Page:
Hans und Otto Gross, Sigmund Freud und Franz Kafka. Wien (Böhlau) 2003, 280 Seiten. 24.90 Euro.
Denkwürdig muß jene von Dienes zitierte nächtliche Bahnfahrt im Juli 1917 von Budapest nach Prag gewesen sein, auf der Franz Kafka Otto Gross kennenlernte: »Groß aber erzählte mir etwas fast die ganze Nacht … Er erläuterte seine Lehre an einer Bibelstelle, die ich nicht kannte … Unaufhörlich zerlegte er diese Stelle, unaufhörlich brachte er neues Material, unaufhörlich verlangte er meine Zustimmung.
We are still a long way from understanding and appreciating Franz Kafka. The conclusive book on him has not yet been written and will not be written until all of his work has been published.
Looking at Kafka himself — Gregor Samsa alias Franz Kafka — we find the same constellation; the relations between his father and himself were badly strained, with the mother in the middle and the sisters as a group by itself.
Kafka, the author, chose the latter one: The metamorphosis of Gregor Samsa alias Franz Kafka alias Georg Bendemann into a vermin represents the introverted death-wish ending with a semi-suicide in the case of Gregor — after all, it is he who brought about the metamorphosis and consequent death —, with a direct suicide in the case of Georg who jumps to his death, and with an indirect suicide in the case of Franz Kafka himself who said to Max Brod, referring to his tuberculosis, that his head had made an appointment with his lungs behind his back… (28) He made his own mind responsible for his eventual mortal infection.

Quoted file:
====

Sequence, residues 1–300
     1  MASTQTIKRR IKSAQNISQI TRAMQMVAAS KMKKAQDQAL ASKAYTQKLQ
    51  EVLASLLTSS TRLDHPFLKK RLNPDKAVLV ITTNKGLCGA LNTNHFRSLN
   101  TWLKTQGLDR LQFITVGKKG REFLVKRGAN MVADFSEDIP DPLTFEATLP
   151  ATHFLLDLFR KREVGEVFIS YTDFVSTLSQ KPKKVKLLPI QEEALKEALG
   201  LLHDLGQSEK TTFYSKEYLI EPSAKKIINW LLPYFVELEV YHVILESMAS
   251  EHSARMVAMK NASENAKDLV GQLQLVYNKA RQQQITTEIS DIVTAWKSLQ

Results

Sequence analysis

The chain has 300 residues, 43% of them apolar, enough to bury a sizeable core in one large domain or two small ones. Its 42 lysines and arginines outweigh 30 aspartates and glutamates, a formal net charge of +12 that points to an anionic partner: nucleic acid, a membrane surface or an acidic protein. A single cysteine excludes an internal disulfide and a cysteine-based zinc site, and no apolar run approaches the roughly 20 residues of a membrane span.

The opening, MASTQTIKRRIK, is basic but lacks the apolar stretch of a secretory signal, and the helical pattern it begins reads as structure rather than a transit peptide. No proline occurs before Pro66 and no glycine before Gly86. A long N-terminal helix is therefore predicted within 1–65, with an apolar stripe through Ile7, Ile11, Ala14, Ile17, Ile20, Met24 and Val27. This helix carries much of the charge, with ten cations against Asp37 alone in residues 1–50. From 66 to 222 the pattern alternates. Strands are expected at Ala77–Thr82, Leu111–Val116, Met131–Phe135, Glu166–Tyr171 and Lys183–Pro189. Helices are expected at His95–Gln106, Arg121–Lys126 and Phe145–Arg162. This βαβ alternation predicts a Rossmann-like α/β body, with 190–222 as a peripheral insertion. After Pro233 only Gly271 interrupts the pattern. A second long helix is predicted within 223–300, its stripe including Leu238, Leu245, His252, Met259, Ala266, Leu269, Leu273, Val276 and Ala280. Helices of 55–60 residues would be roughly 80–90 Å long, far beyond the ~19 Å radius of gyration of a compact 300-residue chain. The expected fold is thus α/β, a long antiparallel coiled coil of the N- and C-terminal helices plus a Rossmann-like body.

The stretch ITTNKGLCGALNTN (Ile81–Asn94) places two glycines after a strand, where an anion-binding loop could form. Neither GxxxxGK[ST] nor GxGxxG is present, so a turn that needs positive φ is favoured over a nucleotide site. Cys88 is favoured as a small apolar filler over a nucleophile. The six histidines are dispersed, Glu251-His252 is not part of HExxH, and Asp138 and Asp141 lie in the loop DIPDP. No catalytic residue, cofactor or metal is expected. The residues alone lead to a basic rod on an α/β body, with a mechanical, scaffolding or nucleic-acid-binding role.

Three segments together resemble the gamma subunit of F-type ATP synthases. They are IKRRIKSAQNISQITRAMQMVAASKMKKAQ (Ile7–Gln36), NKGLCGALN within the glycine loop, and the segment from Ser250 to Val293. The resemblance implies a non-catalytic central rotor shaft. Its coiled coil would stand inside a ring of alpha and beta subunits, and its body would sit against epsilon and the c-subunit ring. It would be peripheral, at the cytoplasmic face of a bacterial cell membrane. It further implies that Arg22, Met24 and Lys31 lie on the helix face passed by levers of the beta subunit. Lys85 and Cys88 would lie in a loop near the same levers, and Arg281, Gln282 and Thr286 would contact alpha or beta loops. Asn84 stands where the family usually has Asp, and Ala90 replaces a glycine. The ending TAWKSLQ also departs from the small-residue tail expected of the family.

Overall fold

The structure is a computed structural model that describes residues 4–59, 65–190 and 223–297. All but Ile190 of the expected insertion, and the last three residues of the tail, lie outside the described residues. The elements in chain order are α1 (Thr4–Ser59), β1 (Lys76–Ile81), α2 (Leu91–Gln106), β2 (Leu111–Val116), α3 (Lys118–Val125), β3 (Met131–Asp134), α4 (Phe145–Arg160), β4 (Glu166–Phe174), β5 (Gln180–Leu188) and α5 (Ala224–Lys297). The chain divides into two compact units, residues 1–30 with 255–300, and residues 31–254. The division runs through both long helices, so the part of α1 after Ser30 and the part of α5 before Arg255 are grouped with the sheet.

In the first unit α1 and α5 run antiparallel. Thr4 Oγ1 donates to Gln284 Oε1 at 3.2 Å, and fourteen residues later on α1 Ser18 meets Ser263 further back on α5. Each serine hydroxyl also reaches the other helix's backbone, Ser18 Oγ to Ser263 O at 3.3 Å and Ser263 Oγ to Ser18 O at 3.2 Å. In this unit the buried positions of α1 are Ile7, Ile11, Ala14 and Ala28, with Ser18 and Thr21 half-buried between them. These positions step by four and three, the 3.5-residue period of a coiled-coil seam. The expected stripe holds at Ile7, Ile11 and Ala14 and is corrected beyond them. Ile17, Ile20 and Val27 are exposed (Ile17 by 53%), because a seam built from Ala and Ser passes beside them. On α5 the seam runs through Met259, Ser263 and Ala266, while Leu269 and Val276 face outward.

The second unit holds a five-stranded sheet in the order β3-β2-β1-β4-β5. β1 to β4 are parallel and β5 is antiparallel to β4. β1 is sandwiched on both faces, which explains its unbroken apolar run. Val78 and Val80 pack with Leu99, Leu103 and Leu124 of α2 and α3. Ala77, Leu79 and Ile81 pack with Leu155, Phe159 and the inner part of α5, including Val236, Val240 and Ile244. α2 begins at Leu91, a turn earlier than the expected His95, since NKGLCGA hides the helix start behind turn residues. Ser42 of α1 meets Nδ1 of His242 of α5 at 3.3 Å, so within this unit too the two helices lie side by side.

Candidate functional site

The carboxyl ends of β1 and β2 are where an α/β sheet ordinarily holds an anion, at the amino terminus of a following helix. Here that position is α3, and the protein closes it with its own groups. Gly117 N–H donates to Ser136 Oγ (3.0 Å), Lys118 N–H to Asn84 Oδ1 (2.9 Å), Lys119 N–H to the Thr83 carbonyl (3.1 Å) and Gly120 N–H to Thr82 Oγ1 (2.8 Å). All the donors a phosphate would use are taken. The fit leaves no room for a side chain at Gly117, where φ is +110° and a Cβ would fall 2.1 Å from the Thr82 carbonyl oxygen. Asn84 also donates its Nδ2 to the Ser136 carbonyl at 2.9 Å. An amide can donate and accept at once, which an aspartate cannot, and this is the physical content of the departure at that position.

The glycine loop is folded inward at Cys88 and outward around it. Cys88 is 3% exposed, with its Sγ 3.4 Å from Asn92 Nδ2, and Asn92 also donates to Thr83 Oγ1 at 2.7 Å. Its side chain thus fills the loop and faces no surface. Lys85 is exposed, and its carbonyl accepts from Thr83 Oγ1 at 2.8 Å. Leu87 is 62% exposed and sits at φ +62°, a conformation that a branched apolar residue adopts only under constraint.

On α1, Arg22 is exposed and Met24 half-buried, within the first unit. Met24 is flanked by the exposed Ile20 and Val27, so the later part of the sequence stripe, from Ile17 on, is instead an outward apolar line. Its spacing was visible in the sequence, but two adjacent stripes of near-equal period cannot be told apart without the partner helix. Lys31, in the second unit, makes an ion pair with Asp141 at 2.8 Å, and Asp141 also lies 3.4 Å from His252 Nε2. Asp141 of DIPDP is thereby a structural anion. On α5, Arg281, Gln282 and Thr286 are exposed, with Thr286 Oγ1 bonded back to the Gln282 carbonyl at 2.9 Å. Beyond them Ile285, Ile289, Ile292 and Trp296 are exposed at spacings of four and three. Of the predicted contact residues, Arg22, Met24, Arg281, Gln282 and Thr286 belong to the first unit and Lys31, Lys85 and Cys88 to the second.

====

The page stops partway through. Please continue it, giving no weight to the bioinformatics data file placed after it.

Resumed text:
See “Franz Kafka: An American Bibliography,” by Klaus W.
Quotations are from Franz Kafka, Gesammelte Werke, edited by Max Brod (New York, Schocken Books, Vol.
A Country Doctor: The Narrator as Dreamer
University of British Columbia
The psycho-sexual dynamic that emerges as the drama of this story is more consistent with the findings of Hall and Lind in Dreams, Life, and Literature—A Study of Franz Kafka (Chapel Hill, 1970) than with the argument Ruth Tiefenbrun presents in Moment of Torment (Carbondale and Edwardsville, 1973).
Franz Kafka, “The Country Doctor,” in Selected Stories of Franz Kafka, tr.
Vacillating Individuals, Vacillating Authorities in Pandemics: Considerations and Observations, Illustrated by a Franz Kafka parable and Abert Camus’ The Plague
Sylvia Zwettler-Otte Took degrees in Latin, German and Psychology.
In this delicate task a Franz Kafka parable might help. The parable concerns a man wandering in an unknown milieu, coming upon an authority who elicits by his profession of a policeman an expectation of aid.
Versus the external world, the inner world can evoke the “stillness of the self that is active, searching and seeing,[…] alive and kicking,” as Kohon demonstrates in his discussion of Louise Bourgeois and Franz Kafka. Allaying our immense human desire for safety and certainty is an understandable wish, but this does not mean it can be fulfilled.